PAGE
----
So, I really like Cold Cut. In my duties as The Manager of The Beguiling, I put together between 6 and 8 orders with Cold Cut a year, and they’re very competitive on discount and stock availability for a number of publishers. When it comes time to do line-wide restocks of Slave Labor Graphics, or grab some out-of-print Tokyopop or Viz trades, or even our massive back-orders of smut from Eros and AG, Cold Cut are good folks to deal with who get us our product in a timely and well-preserved fashion.
You can imagine that I’m a little heartbroken seeing them trying to get out of the comics distribution business. One shouldn’t get emotionally attached to business entities; you’re all in this to make money and that’s as long as your goals are the same, friendship doesn’t hurt. But I can’t help it, as a retailer I really LIKE options when it comes to distributors. I like knowing that Cold Cut is there, and I’m sure that publishers like knowing that there’s another group of people out there working to get their books seen. Hell, my customers might not know how much they love Cold Cut, but they certainly love the considerably-lower prices on things like FILLERBUNNY toys and SPOOKY squeakers that are Cold Cut purchases from us. So, yeah, I’m bummed out (and they don’t even owe me any money!) about this, and I hope things come together for the best. I’m not holding my breath though.
Y’see… The writing’s been on the wall regarding…something…happening for a little while now. About a month ago, I stopped receiving Cold Cut’s weekly update of new product. I just figured my e-mail was bouncing or something, but… nope.Â No new product coming in. I also noticed that earlier this year (maybe?) the company was down to one (excellent) employee named Matt. I sincerely hope that whatever happens, Matt ends up okay because his customer service is top-notch, and he worked really hard for our business. And I’ve been wondering for a little while now how the new shipping charges in the U.S. (basically: everything through the U.S. Postal Service just got a whole lot more expensive) were going to affect anyone doing mail-order/distribution… I wonder if that contributed anything? I have a feeling we’ll never know.
But you wanna know what the straw that broke the camel’s back was?
Dan Vado e-mailed me.
Well, he didn’t e-mail JUST me, he e-mailed a lot of folks, retailers like me. Dan Vado is the GodKing of Slave Labor Graphics, long reputed to be Cold Cut’s top distribution client. In an e-mail on June 6th 2007 with the subject SLG Publishing wants to GIVE YOU A T-SHIRT, Dan Vado put out a call to retailers to… essentially see if they were paying attention to SLG’s promotions by offering them a free shirt. But he also encouraged retailers to place direct reorders with SLG by offering good terms and free shipping–something most retailers can’t resist. I thought this was odd… The Beguiling are loyal customers of Cold Cut’s and I’d always thought of the two organisations, CC and SLG, as being pretty tight. For SLG to be stepping up their direct-to-retailer sales like this, particularly because it’s been The Beguiling’s experience in the past that they’ve been reticent to do so (at least for us), I figured something was gonna go down.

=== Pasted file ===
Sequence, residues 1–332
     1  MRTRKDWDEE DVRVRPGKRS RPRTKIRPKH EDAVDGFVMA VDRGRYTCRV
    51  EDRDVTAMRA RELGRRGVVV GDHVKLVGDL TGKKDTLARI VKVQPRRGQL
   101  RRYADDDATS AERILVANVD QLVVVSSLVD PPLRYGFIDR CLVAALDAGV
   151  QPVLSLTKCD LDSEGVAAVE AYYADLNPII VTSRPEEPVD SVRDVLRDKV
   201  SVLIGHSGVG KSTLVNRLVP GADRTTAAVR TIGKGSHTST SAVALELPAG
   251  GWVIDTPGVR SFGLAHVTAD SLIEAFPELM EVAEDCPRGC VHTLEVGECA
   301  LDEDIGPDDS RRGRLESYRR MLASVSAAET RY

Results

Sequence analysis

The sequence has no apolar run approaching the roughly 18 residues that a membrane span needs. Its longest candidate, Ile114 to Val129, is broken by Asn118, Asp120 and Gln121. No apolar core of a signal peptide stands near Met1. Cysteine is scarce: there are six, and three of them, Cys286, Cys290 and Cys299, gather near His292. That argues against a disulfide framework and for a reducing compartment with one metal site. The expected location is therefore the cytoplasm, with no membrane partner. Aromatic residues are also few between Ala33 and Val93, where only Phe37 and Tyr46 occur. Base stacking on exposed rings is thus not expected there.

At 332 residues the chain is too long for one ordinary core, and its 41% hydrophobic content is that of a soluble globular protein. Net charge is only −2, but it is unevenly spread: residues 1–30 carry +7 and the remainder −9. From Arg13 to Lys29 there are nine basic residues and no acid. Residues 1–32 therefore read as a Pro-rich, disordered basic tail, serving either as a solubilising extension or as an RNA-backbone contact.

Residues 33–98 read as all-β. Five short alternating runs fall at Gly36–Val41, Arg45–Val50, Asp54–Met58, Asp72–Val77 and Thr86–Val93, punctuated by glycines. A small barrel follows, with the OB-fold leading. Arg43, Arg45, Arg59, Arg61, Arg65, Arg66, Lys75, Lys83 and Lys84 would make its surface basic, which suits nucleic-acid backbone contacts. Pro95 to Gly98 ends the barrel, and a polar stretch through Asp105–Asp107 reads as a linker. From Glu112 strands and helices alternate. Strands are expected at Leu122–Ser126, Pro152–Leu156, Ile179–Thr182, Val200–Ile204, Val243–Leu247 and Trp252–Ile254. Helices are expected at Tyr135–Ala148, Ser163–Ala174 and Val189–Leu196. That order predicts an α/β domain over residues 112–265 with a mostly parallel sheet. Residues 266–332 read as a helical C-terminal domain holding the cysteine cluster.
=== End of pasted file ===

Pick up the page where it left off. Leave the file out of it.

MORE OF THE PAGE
And now it has!
I guess the big question everyone is asking right now is “What happens if it Cold Cut gets bought?” I think the more important question is, what if it doesn’t? Folks who are happy and want to keep running businesses? They don’t GENERALLY put those businesses up for sale. Am I a dick for trying to decide whether to place an order now, or wait and see if they have a huge closing sale down the road? Or am I a dick for other reasons?
Anyway, the whole situation is just sucky and stupid and annoying. Tom asked: “What is it about the shape of that comics market where a boom period is felt more through articles claiming “This is a boom period!” than it is in the wallets of creators and retailers?” and I’d really like to know for myself. Are these sorts of things growing pains? Is Cold Cut just a hold out from the dawn of the DM to be replaced by technologically-advanced bookstore distributors like Ingram and Baker & Taylor? Or is there something much more substantial wrong with the industry right now where we’re selling more comics than we have in a long time, and some organisations seemingly can’t (or don’t want to) make a go of it? I wish I knew.